Audrey Watters year-end reviews on the state of ed-tech are required reading. But the one on skills really struck a chord with me. Essentially, Watters points out three interconnected problems.
1. More students are graduating from college with more debt.
2. Unemployment for recent college grads continues to be high. People blame "a skills gap."
3. There is a huge pressure on colleges and high schools to teach "job-skills" and ditch the "not-useful stuff". See Florida.
What we have here is a variation on what I call "the happy workers problem." The happy workers problem is essentially a way of framing the debate around education. According to the logic of happy workers proponents, the point of education is to produce highly skilled workers that will be happy in their jobs. Highly skilled, happy workers will lead, according to this logic, to a prosperous economy, a strong nation, national greatness etc. etc..
What happy workers proponents misunderstand is well, pretty much everything. People aren't necessarily happy because they are well-paid, skills taught for today's job market may be useless tomorrow, schools can't and shouldn't replace job training programs, and advocates of getting schools to do the work of job training are generally trying to drive down wages in their employment sectors.
What education should do (and generally does well) is help create what David Hollinger called in a different context, a "wider circle of 'we'". School's main job is to expose students to a world beyond their parochial experience and engage as human beings with the wider world of both imagination and reality. Real science, the humanities, and math form the core of this curriculum because they expand our ways of knowing the world around us and teach us disparate but related modes of thinking and of asking and answering questions about the nature of the world around us. These are precisely the questions that happy workers advocates don't want their workers asking. A worker who has learned about labor unions might want to organize her workplace. A worker well-versed in math (and thus logic) might question why workers instead of executives or common shareholders are getting such a big share of corporate profits (despite the fact that CEO performance does little to increase profits). And on and on.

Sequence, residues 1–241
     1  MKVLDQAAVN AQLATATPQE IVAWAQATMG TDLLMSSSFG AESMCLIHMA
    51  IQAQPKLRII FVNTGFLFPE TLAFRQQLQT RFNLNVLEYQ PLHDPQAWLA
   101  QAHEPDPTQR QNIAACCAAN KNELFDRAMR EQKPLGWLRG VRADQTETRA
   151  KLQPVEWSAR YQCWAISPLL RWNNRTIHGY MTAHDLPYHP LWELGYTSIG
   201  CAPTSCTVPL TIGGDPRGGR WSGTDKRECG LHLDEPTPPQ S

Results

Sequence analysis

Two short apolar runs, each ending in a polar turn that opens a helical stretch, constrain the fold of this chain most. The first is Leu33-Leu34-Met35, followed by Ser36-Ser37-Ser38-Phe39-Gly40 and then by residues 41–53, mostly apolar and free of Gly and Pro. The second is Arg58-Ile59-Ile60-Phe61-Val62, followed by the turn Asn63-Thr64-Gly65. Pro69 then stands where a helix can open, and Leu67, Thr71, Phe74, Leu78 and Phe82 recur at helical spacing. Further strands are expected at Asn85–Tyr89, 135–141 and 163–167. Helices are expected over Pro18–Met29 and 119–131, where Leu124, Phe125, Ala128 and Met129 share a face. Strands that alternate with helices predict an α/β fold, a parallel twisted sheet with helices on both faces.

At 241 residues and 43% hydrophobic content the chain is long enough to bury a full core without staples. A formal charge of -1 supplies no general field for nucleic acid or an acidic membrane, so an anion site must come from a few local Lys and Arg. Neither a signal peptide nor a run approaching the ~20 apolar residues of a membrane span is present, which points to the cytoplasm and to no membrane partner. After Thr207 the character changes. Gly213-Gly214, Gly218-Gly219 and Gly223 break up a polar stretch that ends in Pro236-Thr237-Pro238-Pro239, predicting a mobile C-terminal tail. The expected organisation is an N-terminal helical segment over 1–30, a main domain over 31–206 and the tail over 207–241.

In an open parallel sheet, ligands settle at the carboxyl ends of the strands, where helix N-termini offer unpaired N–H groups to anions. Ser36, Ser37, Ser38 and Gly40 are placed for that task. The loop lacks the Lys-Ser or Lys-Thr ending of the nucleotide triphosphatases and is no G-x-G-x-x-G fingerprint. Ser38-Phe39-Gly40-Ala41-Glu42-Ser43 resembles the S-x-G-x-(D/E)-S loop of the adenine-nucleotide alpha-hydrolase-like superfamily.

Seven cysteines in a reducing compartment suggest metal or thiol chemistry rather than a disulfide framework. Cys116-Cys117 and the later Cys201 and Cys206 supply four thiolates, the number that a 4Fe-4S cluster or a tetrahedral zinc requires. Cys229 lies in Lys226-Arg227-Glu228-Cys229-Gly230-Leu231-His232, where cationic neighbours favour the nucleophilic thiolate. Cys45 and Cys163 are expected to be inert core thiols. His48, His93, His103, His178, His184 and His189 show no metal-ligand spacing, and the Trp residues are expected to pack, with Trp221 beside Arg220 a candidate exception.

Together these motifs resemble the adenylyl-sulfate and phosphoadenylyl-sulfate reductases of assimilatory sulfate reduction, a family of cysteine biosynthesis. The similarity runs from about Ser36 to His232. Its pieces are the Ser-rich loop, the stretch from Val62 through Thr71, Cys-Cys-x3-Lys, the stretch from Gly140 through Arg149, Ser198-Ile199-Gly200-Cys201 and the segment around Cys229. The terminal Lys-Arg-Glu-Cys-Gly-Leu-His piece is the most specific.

It's not really a conscious plotting, mind you, it's just that happy workers advocates don't see the point in what they consider useless knowledge. And useful knowledge is only that knowledge that is measured by economic productivity. Anything that cannot be monetized has no value. It's a short-sighted ethic, but as we've seen in Ferguson, in civil forfeiture cases, and the housing crisis, we're heading towards a future where anything can be monetized. And those monetizations of traffic violations, of the war on drugs, of risky housing policy, all came from good intentioned but short-sighted-policy efforts. They were supposed to make us happier.
And yet, we all are so unhappy.